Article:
Wherever you go becomes a part of you somehow.
Donny and I took a short trip to St. Louis, Missouri this past weekend to visit our son and his bride of nearly two years. Though the flight was short, the turbulence was worse than usual, causing the attendants to suspend beverage service for awhile. In addition, the landing was one of the most tumultuous we’ve experienced. Still, as we exited the plane, as always, I thanked the attendants, and I looked straight into the Captain’s eyes, saying, “Thank you for the safe travel.” Some of them are surprised by my statement, but all seem to appreciate it. You may want to try this the next time you step off an airplane! I never want to take traveling mercies for granted, another lesson my Mama taught me.
The traveler sees what he sees. The tourist sees what he has come to see.
Arriving at 3:00 p.m. on a Friday gave us a nice long visit with our children, Walker, a Ph.D Philosophy student at SLU (Saint Louis University) and Jessica, a nurse at Barnes-Jewish Hospital. Jess is also working on a Masters in Nursing Education. Jessica’s birthday was the Wednesday before our arrival, so we got to celebrate with her! Both carved out time from work and studying to play with us for the weekend! We love the old architecture and homes scattered through this Midwestern U.S. city. We visited them Easter 2015 and you can read about that visit by clicking here.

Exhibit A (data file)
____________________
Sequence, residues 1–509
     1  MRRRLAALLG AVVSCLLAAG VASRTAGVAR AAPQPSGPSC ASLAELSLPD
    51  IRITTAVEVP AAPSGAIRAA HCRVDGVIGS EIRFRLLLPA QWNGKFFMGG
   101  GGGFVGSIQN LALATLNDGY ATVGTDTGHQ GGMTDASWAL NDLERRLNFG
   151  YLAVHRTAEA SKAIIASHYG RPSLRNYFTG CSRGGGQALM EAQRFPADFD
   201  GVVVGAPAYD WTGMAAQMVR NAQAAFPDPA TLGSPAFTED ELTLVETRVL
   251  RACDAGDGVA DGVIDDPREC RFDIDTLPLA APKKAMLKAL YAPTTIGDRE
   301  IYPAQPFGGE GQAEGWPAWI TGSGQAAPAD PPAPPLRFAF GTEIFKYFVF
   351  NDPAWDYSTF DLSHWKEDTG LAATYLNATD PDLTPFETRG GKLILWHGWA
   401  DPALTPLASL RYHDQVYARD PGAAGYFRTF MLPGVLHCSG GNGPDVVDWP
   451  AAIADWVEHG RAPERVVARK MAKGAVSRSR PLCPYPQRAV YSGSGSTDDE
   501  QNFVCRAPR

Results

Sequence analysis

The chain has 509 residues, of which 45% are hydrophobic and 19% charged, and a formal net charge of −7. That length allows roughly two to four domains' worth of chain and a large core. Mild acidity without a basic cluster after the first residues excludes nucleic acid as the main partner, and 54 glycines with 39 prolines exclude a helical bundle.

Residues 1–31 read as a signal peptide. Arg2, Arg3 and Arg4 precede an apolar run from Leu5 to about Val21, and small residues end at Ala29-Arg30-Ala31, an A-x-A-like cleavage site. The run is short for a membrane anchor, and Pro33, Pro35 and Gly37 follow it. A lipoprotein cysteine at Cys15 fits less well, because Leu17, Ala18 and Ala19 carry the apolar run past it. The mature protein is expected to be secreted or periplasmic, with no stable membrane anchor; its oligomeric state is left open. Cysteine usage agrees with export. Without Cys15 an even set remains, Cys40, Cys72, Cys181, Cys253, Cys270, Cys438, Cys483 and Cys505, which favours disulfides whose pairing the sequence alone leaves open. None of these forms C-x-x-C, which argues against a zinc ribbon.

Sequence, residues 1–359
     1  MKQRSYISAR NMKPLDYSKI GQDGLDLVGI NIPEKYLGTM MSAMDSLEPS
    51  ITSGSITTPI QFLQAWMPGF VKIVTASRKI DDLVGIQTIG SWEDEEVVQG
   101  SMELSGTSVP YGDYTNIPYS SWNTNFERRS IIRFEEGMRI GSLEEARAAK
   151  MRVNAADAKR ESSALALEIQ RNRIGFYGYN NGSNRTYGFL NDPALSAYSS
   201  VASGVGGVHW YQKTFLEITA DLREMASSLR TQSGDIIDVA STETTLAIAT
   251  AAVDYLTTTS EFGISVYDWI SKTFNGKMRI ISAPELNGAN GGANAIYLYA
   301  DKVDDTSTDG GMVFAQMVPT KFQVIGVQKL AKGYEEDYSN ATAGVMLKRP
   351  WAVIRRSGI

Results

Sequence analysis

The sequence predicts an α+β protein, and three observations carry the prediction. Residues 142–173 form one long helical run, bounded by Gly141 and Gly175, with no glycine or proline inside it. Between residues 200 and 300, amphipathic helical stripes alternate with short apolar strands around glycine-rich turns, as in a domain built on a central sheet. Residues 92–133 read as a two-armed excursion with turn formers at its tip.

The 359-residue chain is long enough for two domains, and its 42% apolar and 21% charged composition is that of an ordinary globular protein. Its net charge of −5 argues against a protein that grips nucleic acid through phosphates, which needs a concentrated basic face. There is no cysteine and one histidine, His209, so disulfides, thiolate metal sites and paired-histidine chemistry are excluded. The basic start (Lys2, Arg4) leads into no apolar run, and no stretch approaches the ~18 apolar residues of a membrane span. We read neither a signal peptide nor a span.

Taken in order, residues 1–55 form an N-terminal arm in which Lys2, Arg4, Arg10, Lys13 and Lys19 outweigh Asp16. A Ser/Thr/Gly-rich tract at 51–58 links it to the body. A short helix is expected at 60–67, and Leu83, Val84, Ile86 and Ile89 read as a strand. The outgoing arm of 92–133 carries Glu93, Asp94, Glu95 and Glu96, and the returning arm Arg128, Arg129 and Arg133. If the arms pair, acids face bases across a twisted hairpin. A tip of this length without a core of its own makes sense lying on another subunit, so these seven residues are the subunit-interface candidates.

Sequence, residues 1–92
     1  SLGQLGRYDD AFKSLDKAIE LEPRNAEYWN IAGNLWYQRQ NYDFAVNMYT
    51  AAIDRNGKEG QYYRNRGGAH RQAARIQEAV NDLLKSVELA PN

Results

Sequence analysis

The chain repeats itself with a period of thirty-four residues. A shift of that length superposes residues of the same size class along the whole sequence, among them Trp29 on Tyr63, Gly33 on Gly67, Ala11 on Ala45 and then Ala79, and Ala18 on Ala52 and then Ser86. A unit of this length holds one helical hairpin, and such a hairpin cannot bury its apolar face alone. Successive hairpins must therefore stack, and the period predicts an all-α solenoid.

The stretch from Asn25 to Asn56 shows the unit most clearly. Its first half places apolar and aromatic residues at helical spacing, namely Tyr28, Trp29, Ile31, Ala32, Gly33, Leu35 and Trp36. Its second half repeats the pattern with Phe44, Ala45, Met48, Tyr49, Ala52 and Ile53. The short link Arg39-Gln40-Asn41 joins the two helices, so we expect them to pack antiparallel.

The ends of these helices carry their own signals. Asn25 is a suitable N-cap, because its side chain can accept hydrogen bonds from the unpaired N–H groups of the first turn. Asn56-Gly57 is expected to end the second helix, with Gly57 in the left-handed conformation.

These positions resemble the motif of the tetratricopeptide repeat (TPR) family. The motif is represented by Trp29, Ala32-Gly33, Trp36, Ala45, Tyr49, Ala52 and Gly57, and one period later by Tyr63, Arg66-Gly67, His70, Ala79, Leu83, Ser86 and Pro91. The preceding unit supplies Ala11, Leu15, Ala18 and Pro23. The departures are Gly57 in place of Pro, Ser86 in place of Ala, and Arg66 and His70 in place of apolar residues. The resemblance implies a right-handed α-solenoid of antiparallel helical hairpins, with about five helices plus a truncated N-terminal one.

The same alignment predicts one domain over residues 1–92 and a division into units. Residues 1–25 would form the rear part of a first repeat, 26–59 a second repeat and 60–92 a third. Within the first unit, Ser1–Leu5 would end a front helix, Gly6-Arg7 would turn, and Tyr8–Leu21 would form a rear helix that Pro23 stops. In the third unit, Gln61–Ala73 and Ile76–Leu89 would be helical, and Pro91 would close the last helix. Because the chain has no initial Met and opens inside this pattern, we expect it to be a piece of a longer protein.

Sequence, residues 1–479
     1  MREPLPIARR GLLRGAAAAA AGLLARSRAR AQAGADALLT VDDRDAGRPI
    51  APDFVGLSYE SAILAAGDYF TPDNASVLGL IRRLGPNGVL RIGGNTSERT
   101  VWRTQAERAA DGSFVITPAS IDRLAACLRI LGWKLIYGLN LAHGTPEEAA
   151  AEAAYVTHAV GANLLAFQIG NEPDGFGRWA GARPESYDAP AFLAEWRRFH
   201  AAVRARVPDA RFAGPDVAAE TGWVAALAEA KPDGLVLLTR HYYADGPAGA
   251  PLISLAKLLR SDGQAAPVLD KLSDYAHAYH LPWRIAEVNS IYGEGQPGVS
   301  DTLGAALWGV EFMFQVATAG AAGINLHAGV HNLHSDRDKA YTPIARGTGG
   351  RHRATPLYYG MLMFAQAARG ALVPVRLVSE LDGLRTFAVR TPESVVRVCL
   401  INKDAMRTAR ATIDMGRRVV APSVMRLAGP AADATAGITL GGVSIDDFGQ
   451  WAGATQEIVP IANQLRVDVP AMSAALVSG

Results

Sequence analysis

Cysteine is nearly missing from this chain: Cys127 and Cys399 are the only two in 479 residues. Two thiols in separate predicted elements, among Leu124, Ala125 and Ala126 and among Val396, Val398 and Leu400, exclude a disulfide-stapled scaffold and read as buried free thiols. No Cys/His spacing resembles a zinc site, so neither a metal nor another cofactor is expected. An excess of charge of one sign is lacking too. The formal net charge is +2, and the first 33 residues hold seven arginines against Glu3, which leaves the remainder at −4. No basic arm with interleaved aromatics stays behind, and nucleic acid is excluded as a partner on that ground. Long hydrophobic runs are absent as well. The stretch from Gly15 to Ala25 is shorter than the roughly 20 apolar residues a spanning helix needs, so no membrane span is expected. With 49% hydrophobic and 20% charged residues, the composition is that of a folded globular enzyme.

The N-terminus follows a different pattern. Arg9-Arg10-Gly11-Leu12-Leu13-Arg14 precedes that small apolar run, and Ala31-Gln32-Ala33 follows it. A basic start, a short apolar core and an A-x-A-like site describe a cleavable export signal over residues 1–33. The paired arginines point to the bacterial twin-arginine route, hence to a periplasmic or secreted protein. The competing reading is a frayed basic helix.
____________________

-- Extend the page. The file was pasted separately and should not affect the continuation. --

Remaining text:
Did you know? In 1904, St. Louis hosted the 1904 World’s Fair and the 1904 Summer Olympics, becoming the first non-European city to host the Olympics.
The best part of our entire weekend away was just being together. Whether we were sharing a meal, getting a haircut, loving on Louis the cat, planting flower pots, playing cards, hanging out talking, or heading to church.
I sustain myself with the love of family.
After a special time with our family, it was good to return to our home, even with all the congestion and traffic. “There’s no place like home.”
Thanks, Walker and Jess for your awesome hospitality! We look forward to our next trip when Leah and Scott can join us!
Do you remember The Family Circus syndicated comic strip created by cartoonist, Bil Keane? Originating in 1960, and one of my favorites, I remember running to the AJC newspaper to find it every Sunday. The cartoons without fail left my spirit warm.
During this tumultuous and troubled season across our globe today, we have to find a way to keep our sense of humor and our healthy well-being.
ALL you need is LOVE. But a little chocolate now and then doesn't hurt.
Charles M. Schulz
Viewing a few Family Circus strips might help! You may not believe this, but many years ago, I collaged the front of our basement frig with Family Circus strips and they are still there today! It is fun to look at them again and again.
I hope you will enjoy them as much as our family has through the years.
What will you and I and our loved ones do in the days, weeks, and months ahead to maintain love and laughter in our moments?
I believe it is fair to say we are in the midst of a tumultuous, uncertain season across our globe.
“It can be too sad here. We often lose our way. It is easy to sense and embrace meaning when life is on track. When there is a feeling of fullness—having love, goodness, family, work, maybe God as parts of life—it’s easier to navigate around the sadness that you inevitably stumble across. Life holds beauty, magic and anguish. Sometimes sorrow is unavoidable, even when your kids are little, when the marvels of your children and your parental amazement, are all the meaning you need to sustain you, or when you have landed the job and salary for which you’ve always longed, or the mate. And then the phone rings, the mail comes, or you turn on the TV.” Anne Lamott, from Stitches: A Handbook On Meaning, Hope, and Repair